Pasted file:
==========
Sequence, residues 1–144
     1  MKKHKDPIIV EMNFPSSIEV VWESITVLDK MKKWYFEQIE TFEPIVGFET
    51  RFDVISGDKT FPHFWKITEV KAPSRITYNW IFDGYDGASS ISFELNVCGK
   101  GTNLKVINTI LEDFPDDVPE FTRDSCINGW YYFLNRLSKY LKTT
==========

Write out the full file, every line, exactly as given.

Sequence, residues 1–144
     1  MKKHKDPIIV EMNFPSSIEV VWESITVLDK MKKWYFEQIE TFEPIVGFET
    51  RFDVISGDKT FPHFWKITEV KAPSRITYNW IFDGYDGASS ISFELNVCGK
   101  GTNLKVINTI LEDFPDDVPE FTRDSCINGW YYFLNRLSKY LKTT